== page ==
With ten years of experience putting on a whitetail deer hunt for U.S. veterans and others, organizer Mark Peterson had to postpone this special hunt for the first time ever. Wet weather had turned Lowcountry dirt roads to mud and the originally scheduled hunt dates of November 9 and 10 had to be pushed back one week. Changing logistics in such a drastic manner proved to be no obstacle though for this deer hunt and its core of volunteers who conducted the entire event with military precision under sunny skies.

Therapy Dogs work the event each year
While the Lowcountry Chapter of the Safari Club International (SCI) is the host organization for this annual Wounded Warrior deer hunt, they also choose to partner with other groups. The South Carolina Department of Natural Resources sent Take One Make One (TOMO) director Mark Ferrell to the Lowcountry this year in order to take some youths hunting. White Hall Plantation hosted these youngsters and Jackson Thorpe was able to harvest a huge 8-point buck on that hunt.

Part of the mission statement for this annual hunt is to show the participants that hunting deer can be a therapeutic outdoor activity. As someone who has been attending the hunt for eleven years now, I’d say that goal is always accomplished. You can factor in the hospitality of the volunteers, and the beauty of the plantations of the ACE Basin, but it’s the natural resources of the Lowcountry that always shine brightly.  Finally, this hunt is a fine way to express appreciation for the patriotism, service and sacrifice of the Wounded Warrior hunters and it’s going to stay an important date on the deer season calendar, come rain or shine.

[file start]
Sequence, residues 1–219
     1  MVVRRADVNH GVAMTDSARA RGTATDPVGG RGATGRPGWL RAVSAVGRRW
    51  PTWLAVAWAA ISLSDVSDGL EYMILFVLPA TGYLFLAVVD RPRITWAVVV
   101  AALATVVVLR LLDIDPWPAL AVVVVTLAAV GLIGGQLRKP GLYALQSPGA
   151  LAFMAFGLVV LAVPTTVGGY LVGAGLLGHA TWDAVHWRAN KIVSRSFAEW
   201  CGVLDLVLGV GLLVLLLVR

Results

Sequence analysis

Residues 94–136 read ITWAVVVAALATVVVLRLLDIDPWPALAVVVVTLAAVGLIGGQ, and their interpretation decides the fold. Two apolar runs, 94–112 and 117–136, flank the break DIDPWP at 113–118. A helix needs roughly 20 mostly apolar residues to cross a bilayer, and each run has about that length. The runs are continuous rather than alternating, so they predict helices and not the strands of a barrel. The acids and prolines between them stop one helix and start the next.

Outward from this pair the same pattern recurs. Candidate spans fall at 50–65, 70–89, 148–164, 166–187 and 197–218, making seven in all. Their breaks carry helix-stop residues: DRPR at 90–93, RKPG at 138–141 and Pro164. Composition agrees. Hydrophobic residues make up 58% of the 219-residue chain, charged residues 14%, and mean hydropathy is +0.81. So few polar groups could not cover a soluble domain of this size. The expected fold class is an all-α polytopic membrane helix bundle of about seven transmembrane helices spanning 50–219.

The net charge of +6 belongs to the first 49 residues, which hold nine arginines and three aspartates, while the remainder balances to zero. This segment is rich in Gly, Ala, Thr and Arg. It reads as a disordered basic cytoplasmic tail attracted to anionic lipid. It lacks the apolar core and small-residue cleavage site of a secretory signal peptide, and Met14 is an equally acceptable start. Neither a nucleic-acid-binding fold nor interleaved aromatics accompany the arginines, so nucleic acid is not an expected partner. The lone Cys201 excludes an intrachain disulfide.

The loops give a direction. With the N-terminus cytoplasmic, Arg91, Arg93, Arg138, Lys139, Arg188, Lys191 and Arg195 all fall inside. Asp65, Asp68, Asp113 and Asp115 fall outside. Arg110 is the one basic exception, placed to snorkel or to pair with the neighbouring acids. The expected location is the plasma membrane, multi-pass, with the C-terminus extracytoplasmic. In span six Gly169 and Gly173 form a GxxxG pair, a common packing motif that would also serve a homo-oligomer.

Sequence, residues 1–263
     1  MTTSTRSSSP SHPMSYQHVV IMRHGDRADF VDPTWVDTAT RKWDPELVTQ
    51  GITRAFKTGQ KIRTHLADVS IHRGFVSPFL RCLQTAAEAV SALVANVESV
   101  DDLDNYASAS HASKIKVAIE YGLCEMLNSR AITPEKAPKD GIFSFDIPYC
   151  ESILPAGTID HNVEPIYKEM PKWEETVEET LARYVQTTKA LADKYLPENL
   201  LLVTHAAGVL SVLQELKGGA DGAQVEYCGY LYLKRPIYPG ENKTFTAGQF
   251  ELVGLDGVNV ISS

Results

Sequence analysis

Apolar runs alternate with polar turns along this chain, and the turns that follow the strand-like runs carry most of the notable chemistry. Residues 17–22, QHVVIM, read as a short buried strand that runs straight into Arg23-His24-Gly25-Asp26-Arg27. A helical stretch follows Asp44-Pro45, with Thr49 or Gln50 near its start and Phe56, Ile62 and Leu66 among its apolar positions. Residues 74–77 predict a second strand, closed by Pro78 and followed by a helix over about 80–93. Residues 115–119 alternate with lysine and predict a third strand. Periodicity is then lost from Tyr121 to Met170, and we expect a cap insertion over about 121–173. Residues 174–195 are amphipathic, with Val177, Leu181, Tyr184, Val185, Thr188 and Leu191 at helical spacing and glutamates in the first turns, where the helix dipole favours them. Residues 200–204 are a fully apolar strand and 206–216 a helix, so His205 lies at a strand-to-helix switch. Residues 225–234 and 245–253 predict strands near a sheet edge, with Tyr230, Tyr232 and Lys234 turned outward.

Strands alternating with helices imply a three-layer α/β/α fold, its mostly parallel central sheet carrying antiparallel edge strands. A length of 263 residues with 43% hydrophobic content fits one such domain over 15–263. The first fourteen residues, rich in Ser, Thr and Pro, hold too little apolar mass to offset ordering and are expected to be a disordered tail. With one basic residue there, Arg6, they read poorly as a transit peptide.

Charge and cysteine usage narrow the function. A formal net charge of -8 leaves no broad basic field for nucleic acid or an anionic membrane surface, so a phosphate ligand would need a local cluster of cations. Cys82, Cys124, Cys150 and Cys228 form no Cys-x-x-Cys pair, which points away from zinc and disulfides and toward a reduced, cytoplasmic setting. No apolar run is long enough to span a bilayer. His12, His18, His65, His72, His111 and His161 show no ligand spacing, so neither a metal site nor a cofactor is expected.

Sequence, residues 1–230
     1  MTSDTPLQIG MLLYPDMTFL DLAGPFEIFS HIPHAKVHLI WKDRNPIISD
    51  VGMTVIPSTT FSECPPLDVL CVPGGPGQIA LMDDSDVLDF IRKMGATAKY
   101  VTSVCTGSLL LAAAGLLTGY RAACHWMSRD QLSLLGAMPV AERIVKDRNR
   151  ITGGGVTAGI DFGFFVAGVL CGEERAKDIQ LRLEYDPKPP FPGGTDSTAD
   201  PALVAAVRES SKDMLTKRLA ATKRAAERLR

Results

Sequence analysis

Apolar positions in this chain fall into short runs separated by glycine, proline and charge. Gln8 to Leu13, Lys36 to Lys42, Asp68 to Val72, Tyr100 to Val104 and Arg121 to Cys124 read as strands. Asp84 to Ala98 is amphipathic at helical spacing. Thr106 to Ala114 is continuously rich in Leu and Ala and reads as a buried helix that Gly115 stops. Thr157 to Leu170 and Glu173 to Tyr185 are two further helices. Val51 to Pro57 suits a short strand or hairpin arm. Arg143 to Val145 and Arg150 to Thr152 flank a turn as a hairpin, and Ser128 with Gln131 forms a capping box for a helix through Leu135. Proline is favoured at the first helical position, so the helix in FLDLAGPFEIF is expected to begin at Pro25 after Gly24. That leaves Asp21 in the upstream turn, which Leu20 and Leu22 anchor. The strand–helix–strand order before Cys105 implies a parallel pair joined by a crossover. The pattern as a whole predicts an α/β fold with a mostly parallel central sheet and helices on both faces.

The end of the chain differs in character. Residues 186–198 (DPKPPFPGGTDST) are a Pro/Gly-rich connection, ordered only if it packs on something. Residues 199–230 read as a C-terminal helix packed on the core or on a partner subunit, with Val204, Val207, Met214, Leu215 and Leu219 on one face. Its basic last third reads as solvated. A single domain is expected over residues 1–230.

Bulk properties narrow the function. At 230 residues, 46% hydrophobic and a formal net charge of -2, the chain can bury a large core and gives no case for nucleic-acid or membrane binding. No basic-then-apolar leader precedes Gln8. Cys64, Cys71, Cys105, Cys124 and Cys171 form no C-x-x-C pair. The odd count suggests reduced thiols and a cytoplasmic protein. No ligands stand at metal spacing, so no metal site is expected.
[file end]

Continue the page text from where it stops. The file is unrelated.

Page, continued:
To view this feature article in the newspaper click on Colletonian.

Caterer Ben Moise and Organizer Mark Peterson